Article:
Tuesday, May 26, 2015

Who knows?

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The truth is that most Louisiana teachers have not found the Common Core standards to be developmentally appropriate, nor have they liked the preponderance of informational texts at the expense of good literature, which historically has been the source of the development of abstract thinking.
The above statement is from an article by Glynis Johnston in the The Times of Shreveport, La., on May 24 of this year.

I do not question the opinions she expresses in her article. She is entitled to them.

The phrase "most Louisiana teachers" I find truly head-scratching. If she truly has access to real data that supports her claim, she should be writing for national media and addressing her state legislature if not Congress. It is hard to fathom how these "Louisiana teachers" could have judged these standards as not developmentally appropriate at a time when very few students have tried to develop under them. No state has come even close to having students progress through their k-12 years under the influence of Common Core.  

Ms. Johnston really amazes me when she claims to know what has been the historic source for abstract thinking.  Good literature? Define that phrase. As far as I know, what is good for one is lousy for another. What I can say, based on my 36 years as a high school teacher, is that students never got enough work on reading and writing for detail. The closest they cam to reading for detail was their textbooks in math, science, and history.  The top students, however, needed to do little reading because they "got it in class" while the weak students never even took their textbooks home.  It is hard to tell the impact of reading for detail is that environment.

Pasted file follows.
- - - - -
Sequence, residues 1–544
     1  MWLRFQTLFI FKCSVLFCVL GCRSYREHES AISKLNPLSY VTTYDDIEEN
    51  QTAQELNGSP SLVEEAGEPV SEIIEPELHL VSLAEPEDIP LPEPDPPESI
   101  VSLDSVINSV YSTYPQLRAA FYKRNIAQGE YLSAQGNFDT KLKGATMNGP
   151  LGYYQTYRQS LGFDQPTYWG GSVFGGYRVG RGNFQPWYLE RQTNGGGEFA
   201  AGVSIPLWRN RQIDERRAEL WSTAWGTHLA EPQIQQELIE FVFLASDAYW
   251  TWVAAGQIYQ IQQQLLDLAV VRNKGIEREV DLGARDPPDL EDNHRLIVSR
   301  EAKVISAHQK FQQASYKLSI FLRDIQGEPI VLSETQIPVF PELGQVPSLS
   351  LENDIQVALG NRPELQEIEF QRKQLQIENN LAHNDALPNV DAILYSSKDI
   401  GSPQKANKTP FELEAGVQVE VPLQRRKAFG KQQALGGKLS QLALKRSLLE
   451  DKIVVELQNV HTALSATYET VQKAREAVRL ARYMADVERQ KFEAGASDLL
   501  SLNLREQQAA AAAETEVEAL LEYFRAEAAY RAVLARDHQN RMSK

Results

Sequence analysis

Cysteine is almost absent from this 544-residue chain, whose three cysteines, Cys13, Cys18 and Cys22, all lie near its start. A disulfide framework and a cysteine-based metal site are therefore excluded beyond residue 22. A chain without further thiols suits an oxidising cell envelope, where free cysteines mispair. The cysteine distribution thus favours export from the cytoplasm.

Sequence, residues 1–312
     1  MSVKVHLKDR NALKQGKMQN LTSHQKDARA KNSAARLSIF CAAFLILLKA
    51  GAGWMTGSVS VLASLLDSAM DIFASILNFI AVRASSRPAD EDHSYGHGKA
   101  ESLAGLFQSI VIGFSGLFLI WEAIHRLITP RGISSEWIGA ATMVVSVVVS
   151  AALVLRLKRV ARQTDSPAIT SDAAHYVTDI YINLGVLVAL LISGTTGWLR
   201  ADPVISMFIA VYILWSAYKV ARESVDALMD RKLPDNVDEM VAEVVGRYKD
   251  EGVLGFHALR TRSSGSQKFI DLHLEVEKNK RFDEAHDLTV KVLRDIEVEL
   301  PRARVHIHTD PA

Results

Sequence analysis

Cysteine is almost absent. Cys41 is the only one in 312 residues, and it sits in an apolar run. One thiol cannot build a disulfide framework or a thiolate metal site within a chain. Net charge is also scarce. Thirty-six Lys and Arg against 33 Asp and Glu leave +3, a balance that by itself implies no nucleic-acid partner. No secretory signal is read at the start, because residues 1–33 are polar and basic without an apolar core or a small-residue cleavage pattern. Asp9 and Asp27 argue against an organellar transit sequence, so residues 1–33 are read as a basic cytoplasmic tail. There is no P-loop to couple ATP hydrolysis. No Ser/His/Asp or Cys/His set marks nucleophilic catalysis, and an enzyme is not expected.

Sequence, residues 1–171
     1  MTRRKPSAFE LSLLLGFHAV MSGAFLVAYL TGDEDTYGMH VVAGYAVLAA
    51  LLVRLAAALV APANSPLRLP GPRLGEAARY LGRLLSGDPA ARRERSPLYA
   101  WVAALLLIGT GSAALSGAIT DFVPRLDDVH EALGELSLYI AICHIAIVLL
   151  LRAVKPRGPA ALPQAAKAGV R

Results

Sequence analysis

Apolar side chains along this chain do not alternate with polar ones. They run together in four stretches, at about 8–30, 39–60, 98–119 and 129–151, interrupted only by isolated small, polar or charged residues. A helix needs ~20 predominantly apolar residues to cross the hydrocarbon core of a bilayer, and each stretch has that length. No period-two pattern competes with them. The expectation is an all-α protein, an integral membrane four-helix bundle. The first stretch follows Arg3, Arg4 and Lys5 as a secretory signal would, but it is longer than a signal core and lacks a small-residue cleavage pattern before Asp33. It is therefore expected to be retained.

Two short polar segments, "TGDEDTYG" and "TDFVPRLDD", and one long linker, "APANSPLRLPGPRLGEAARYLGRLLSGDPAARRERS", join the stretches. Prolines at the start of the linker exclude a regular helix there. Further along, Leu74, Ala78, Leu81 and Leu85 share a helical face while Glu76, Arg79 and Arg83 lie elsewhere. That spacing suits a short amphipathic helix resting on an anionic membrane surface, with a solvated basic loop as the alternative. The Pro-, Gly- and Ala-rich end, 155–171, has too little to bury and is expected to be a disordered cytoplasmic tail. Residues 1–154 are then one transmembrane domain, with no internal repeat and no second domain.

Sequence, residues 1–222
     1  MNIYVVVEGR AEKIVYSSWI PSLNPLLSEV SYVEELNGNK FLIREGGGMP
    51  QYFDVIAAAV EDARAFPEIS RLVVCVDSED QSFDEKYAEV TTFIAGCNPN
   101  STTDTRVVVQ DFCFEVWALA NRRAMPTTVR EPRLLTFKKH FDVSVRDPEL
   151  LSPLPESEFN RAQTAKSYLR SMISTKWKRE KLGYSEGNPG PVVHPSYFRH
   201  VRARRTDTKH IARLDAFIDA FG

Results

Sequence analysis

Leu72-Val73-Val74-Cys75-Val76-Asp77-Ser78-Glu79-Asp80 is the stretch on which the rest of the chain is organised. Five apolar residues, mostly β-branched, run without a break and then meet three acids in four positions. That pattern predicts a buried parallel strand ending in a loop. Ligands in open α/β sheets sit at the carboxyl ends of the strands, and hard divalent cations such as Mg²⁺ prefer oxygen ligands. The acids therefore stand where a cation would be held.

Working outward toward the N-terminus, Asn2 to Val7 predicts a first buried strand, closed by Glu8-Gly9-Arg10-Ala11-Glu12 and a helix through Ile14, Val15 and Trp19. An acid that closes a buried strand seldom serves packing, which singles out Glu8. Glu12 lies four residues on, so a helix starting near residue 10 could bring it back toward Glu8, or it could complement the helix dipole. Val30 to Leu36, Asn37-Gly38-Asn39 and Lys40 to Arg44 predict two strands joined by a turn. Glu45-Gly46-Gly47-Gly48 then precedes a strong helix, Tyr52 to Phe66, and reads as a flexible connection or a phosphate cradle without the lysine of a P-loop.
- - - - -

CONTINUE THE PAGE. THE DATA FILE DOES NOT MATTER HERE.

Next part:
Perhaps these rationales for dumping on the Common Core are well-intentioned. Who knows. 

On December 1 of last year, Amanda McElfresh, writing about Louisiana, states 

Teachers also said they've seen significant improvement in student performance since they started using Common Core in their classrooms. Are these two talking about the same state?

Speaking of Ms. Johnston, back on December 5 of last year she wrote an article entitled All La. teachers do not support Common Core. I guess it is an improvement scaling back from "all" to merely "most" in her statements.

Speaking of her article's title, I believe Ms. Johnston has fallen into an increasingly common error. She uses the phrase "All...are not...", which is logically equivalent to "None... are...". I believe she intended to acknowledge that some teacher's do favor Common Core, and the phrasing "Some... are..." is logically equivalent to "Not all... are...".  In her statement the "not" appears to be misplaced.

Then again, maybe back then she really was claiming to speak for all teachers in Louisiana. Who knows...

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